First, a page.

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Inspired by Arduino™


Created Wed, 20 Nov 2013 20:21:32 +0000 by majenko


Wed, 20 Nov 2013 20:21:32 +0000

This week's bit of fun for me is making my own DSO (Digital Storage Oscilloscope).

I started with a PIC32MX695F512L overclocked to 120MHz (cus I'm just a speed whore), to which I attached a 3.2" 320x240 TFT touch screen.

Then I decided to design myself a nice front-end to the ADC, including a fully differential op-amp buffer with selectable 1x / 10x gain, and adjustable offset voltage (MCP4822 DAC). That means I can measure negative voltages and have them scaled and moved up to the positive voltage area for sampling. All good fun ;)

Then I also added 328KB of SPI SRAM to my board as well. No idea why right now, it just seemed a good idea at the time. I'm not actively using it right now, but it might come in handy for a storage buffer at some time in the future. The TFT also has an SD card slot on it, but again I'm not actively using it right now, though it is wired up.

After playing with it for a while I finally decided to put it into a box last night. It's an old reclaimed project box, with a couple of bits of SRBP to form the front and back panels. A couple of BNC connectors and I was good to go. Then I decided that it really needed some rotary encoders, so I added them.

And while all this was going on, which has been on and off for a few weeks now, I have been writing the software for it.

The ADC is managed manually by my own code - not using analogRead() - and is fully timer/interrupt driven at up to 200Ksps, so it can sample up to 100KHz. I'd like to push it faster at some point, but it's fast enough for me right now.

It has two modes of operation - normal scope mode, and spectrum analyzer. AC coupling is available, and is done 100% in software rather than switching in capacitors. I'm doing it by sampling a whole buffer-load of data, calculating the average voltage for the whole waveform, than subtracting that from each point. Works a treat.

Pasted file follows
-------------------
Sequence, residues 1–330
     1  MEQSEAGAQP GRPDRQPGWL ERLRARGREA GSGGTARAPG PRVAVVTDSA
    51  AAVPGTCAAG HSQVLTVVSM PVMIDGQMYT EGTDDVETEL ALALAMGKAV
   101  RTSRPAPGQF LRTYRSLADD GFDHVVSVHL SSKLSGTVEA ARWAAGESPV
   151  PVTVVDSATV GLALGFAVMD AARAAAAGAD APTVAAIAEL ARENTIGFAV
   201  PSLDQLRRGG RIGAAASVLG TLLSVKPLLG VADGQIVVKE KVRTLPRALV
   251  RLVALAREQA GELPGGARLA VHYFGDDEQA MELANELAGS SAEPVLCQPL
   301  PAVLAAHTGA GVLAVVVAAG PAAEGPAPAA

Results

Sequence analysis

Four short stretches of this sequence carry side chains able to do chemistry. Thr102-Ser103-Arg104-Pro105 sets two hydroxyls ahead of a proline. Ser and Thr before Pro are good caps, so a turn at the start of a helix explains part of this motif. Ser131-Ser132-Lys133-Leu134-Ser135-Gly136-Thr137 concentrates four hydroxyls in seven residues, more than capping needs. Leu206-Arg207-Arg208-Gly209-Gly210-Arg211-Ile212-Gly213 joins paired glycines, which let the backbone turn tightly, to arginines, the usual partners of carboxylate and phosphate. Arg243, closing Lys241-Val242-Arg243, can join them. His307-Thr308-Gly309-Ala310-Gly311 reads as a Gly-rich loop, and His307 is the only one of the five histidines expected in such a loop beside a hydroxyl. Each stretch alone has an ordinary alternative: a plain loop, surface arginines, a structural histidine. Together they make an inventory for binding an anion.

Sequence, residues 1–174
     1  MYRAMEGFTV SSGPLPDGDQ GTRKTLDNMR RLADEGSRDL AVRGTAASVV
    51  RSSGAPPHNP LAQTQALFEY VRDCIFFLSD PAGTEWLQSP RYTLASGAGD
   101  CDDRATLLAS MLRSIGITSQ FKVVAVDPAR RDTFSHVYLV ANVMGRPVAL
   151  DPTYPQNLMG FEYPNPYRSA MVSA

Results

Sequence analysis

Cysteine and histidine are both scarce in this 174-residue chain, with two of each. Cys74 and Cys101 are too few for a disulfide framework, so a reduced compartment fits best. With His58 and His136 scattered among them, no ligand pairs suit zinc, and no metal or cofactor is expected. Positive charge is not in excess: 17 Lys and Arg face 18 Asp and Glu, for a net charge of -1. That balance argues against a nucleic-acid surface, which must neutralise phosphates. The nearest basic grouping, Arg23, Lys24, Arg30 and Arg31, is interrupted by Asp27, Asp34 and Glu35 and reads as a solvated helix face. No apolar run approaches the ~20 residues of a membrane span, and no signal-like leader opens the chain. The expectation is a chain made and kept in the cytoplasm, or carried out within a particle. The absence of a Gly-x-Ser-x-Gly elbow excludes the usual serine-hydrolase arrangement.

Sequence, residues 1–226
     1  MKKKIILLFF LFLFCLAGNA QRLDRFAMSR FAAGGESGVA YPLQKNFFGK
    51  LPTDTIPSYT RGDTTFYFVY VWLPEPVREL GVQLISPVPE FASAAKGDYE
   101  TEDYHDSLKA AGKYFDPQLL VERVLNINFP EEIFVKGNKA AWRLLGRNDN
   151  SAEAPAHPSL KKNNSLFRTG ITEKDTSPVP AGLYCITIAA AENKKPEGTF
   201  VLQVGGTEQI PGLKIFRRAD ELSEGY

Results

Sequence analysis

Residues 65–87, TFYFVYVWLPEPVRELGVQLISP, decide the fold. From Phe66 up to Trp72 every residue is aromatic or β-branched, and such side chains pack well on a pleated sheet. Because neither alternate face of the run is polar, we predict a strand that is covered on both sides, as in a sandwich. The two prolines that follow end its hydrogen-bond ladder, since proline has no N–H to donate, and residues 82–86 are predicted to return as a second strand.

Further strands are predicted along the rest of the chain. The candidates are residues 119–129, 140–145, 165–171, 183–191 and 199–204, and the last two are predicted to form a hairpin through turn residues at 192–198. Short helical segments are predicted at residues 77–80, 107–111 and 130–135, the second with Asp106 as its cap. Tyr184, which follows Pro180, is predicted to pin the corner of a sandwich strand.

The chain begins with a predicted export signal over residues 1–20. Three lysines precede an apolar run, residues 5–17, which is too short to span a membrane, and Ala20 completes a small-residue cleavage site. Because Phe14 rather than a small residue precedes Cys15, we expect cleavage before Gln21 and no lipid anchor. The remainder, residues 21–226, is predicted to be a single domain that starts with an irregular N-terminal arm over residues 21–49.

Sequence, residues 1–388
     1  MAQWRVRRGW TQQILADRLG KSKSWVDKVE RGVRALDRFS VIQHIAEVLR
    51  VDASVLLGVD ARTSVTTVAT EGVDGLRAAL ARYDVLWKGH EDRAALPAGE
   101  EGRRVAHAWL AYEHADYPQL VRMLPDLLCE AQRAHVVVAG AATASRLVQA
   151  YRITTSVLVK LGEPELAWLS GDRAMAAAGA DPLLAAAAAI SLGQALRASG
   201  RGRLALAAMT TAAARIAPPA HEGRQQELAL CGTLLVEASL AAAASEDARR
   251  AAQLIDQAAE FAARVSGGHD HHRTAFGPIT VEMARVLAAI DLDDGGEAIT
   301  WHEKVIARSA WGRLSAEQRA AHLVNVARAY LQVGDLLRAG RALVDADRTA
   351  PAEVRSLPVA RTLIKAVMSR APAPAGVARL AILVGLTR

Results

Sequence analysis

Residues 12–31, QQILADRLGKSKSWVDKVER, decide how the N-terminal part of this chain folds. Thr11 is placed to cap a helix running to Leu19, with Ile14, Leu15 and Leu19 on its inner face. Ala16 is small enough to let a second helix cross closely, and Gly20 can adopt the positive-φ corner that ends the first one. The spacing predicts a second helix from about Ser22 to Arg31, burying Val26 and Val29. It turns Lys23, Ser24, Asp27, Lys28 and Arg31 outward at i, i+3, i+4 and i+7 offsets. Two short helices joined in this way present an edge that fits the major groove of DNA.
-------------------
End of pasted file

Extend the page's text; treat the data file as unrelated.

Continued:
It's all menu driven, with the TFT's touch screen giving most of the control interface. The encoders control things like the sample rate (time base) and volts per division.

And of course, here's the pretty pictures: [attachment=2]small_sine.jpg[/attachment] [attachment=1]small_freq.jpg[/attachment] [attachment=0]small_menu.jpg[/attachment]


Wed, 20 Nov 2013 20:30:08 +0000

Plans for the future include adding a second channel (there is software support, just no front end hardware), expanding the amps to give a greater range of amp/attenuate, and maybe even creating a signal source facility too.

I really need to design it as a proper PCB (it's a bundle of wires and proto boards at the moment) so I can get it all fitting right - the amp system alone fills an entire Arduino prototype shield.

And here's a little video of it in action: [url][/url]


Wed, 20 Nov 2013 21:21:08 +0000

Great project!

Will this be a M-T product or will you post the code & schematic at some point?

How many "bucks" (or EU equivalent) do you have invested to date?



Wed, 20 Nov 2013 21:33:38 +0000

It's just a personal project. Yes, I'll post a schematic (when I have one). It's "evolved" and I designed the circuit whilst building the circuit ;)

The most complex bit is the amplifier front-end - each channel is 3 op-amps plus an analog switch and associated passives, and an MCP4822 DAC.

I have no idea how much it has cost me so far. Probably somewhere in the region of about $30, but then some stuff, like the box, I already had. The TFT is a cheap one from eBay, but needed a special one, so is a little more than some - it's got a parallel interface, not SPI, and is driven by the Parallel Master Port for lightning quick screen refreshes. The PIC32 is a free sample from Microchip :twisted: and the rest of the chips I had in my bits box.


Fri, 22 Nov 2013 22:50:18 +0000

I bet you are excited to get your hands on some samples of the future PIC32 for your project. 200 MHz with a DSP enhanced core.

If you haven't seen them yet: [url][/url]


Fri, 22 Nov 2013 23:31:25 +0000

I bet you are excited to get your hands on some samples of the future PIC32 for your project. 200 MHz with a DSP enhanced core. If you haven't seen them yet: [url][/url]

You mean like these 5 I have sat on my desk waiting for some breakout boards to arrive from china...?


Fri, 22 Nov 2013 23:44:55 +0000

Ah, very nice:) I of course will expect to see some videos of an upgraded DSO with one in it, haha.

You must have an in to get samples so soon.


Sat, 11 Jan 2014 23:18:09 +0000


Any update on your DSO project?

What do you expect the BW to be with your over-clocking?

Thanks, James